Arts & Sciences Brain development/Law/Policy School of Medicine

Five factors to ensure an infant thrives

Environmental stimulation and positive caregiving are two of the five factors that help a baby thrive. (Photo: Shutterstock)

There are basic resources every baby needs for the best possible chance to develop as a healthy well-functioning human.

Start with good nutrition, breast milk if possible. That baby is going to need stimulation, lots of looking, reciprocal interactions, exposure to language and interesting stimuli. If at all possible, you should live in a place where you don’t have to constantly be looking over your shoulder in fear while you coo at the baby. Lastly, you must help babies learn how to regulate themselves, including developing regular circadian rhythms and sleep.

In short, focus on the “thrive 5:” five conditions to ensure an infant in the first year of life has what is needed for healthy development. Those conditions include environmental stimulation, nutrition, neighborhood safety, positive caregiving and regular circadian rhythms and sleep.  

The finding sounds simple, and yet, it has not yet been prioritized for many reasons, including the fact that researchers had not provided empirical data to support making the “thrive 5” a public health priority.

Researchers at Washington University in St. Louis think it’s time to change that. In new research published in JAMA Pediatrics, Deanna Barch, PhD and Joan Luby, MD make the case that “thrive factors” are a key element of healthy human brain, behavioral and cognitive development.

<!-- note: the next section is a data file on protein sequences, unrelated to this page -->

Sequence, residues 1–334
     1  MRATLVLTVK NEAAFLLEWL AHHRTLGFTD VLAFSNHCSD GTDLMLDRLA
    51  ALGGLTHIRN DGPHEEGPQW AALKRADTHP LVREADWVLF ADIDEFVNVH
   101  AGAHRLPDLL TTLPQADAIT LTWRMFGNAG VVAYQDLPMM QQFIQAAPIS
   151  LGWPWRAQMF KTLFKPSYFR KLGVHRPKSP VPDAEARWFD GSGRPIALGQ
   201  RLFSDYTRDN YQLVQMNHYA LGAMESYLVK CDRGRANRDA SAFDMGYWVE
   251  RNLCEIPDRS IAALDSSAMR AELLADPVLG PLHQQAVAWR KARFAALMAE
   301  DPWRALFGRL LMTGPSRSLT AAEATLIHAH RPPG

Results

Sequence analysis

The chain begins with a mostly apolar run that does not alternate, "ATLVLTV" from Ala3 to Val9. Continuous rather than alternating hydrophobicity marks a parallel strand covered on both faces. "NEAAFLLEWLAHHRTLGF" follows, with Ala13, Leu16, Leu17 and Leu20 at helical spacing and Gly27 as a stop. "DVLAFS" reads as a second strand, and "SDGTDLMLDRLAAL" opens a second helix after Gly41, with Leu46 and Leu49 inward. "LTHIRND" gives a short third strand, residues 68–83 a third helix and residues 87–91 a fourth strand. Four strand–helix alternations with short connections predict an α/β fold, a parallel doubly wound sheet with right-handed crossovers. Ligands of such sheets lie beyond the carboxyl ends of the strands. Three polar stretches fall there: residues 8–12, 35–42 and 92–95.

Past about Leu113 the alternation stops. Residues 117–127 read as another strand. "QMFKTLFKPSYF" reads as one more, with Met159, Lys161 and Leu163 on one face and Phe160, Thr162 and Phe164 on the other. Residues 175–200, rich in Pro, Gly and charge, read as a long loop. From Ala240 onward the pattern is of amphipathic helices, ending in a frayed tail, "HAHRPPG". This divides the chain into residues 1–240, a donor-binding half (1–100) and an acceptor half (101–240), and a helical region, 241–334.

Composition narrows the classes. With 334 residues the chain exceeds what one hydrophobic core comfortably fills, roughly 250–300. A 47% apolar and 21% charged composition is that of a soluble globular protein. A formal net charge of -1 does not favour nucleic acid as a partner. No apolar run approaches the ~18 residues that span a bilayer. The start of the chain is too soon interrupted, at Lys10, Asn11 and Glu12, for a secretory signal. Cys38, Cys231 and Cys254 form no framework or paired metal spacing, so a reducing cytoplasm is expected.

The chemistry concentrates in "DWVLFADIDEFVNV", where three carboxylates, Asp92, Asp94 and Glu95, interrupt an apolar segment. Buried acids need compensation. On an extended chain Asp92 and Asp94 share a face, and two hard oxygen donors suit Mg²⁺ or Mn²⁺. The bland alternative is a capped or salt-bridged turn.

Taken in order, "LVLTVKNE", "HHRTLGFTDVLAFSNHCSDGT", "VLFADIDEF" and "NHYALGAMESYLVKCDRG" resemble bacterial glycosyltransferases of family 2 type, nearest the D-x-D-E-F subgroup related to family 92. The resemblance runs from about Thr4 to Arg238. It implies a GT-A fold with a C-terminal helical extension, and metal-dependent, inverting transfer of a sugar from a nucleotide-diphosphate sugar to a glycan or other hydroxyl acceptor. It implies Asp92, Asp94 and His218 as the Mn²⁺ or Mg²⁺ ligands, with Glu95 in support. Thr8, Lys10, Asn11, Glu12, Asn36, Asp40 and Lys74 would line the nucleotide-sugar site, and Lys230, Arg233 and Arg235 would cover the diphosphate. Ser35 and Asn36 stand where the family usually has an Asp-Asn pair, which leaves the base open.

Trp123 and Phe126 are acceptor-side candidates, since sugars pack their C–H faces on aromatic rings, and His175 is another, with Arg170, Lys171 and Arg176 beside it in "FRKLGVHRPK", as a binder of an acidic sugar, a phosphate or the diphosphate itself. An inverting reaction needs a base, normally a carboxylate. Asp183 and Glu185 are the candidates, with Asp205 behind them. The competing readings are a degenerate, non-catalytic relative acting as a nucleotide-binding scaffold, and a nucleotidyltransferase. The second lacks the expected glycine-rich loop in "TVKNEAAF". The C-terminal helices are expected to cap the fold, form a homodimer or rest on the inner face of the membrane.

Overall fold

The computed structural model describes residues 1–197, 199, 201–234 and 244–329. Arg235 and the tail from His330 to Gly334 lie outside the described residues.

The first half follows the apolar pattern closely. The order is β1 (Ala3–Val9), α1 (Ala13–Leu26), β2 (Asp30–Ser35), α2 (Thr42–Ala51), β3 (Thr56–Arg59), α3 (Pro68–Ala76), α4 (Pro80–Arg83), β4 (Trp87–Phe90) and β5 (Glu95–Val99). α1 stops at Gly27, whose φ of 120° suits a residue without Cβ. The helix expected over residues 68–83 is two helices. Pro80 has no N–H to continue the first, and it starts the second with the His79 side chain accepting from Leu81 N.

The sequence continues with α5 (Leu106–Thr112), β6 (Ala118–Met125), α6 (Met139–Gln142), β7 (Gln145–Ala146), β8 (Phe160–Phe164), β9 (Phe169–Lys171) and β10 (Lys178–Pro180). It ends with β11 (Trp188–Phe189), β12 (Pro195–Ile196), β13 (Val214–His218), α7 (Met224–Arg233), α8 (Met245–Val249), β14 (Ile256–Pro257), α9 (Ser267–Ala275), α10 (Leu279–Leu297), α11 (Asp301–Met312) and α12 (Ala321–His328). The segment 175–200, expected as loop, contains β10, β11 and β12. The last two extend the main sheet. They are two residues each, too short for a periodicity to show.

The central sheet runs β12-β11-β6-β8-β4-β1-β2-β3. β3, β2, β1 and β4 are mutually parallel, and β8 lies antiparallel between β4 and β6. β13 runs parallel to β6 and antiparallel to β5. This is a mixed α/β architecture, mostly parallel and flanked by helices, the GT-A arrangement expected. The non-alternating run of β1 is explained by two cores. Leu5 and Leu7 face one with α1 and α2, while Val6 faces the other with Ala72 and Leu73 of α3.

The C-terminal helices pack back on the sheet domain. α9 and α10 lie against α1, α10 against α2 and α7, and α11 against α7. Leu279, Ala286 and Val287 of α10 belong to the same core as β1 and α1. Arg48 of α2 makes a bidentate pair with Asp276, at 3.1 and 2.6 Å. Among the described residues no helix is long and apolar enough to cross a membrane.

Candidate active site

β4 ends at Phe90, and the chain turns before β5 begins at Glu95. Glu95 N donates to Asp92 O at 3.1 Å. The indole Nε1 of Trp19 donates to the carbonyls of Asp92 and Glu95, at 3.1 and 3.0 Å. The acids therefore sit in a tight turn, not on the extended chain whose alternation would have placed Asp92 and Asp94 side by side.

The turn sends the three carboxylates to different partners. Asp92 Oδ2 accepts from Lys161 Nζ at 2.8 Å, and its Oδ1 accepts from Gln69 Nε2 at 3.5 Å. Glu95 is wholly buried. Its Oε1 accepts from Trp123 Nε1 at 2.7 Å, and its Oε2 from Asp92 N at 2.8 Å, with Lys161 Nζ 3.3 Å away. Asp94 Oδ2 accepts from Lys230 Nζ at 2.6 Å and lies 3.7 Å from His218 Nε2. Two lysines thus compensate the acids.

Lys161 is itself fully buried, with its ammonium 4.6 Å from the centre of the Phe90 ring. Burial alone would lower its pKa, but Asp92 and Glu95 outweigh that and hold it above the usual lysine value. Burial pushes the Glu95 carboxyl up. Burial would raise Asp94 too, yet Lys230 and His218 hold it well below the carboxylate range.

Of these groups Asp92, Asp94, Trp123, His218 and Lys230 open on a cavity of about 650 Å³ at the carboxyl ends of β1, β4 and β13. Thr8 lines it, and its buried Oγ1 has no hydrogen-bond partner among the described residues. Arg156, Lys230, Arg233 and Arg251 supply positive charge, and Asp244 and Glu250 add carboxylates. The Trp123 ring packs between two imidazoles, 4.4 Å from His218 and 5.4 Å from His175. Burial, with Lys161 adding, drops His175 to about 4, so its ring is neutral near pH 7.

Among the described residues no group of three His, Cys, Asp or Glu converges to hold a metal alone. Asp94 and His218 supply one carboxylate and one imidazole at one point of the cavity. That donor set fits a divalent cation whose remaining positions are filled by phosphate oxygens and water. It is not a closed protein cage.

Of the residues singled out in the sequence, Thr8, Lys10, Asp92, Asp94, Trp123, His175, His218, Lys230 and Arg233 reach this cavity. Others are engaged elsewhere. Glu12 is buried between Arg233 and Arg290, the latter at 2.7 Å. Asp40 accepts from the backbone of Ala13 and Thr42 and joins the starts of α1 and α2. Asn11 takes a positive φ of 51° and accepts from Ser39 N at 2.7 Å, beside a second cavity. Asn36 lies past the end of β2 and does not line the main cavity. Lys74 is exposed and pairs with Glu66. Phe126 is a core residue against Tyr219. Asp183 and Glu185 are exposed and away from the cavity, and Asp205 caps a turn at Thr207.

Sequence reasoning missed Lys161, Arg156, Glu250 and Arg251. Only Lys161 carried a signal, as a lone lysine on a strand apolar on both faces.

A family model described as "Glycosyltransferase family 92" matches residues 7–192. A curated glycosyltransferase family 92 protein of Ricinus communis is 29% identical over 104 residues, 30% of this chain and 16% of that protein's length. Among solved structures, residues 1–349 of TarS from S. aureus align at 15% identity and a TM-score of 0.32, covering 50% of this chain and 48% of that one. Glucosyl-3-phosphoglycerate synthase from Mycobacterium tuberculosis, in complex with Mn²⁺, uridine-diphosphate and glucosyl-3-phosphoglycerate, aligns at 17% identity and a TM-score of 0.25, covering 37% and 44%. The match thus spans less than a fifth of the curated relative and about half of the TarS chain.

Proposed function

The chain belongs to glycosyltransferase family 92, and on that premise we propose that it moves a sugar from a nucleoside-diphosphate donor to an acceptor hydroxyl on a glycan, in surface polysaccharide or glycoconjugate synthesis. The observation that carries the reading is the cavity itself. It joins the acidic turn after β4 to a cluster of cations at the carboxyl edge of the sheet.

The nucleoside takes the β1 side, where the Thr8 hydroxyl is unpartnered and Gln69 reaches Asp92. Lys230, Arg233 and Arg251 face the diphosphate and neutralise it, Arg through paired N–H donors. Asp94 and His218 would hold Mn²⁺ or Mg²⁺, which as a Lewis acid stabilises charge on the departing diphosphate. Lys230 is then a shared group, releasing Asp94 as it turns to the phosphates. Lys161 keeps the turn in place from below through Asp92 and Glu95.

“When they have access to these basic supports, even in the face of adverse environments, it enhances their brain development, cognition (measures of IQ) and social-emotional development,” said Luby, MD, the Samuel and Mae S. Ludwig Professor of Child Psychiatry at the School of Medicine.

There have been plenty of studies touting the benefits of individual thrive factors, such as encouraging breast-feeding to facilitate growth in general, but this new study looks at several key factors known to influence brain development and shows their relationship to outcomes at age 3.

“The novelty here is putting them all together and thinking of them as a constellation of things that are necessary and important for a child to be able to thrive,” said Barch, PhD, the vice dean of research, a professor of psychological and brain sciences in Arts & Sciences and the Gregory B. Couch Professor of Psychiatry at the School of Medicine.

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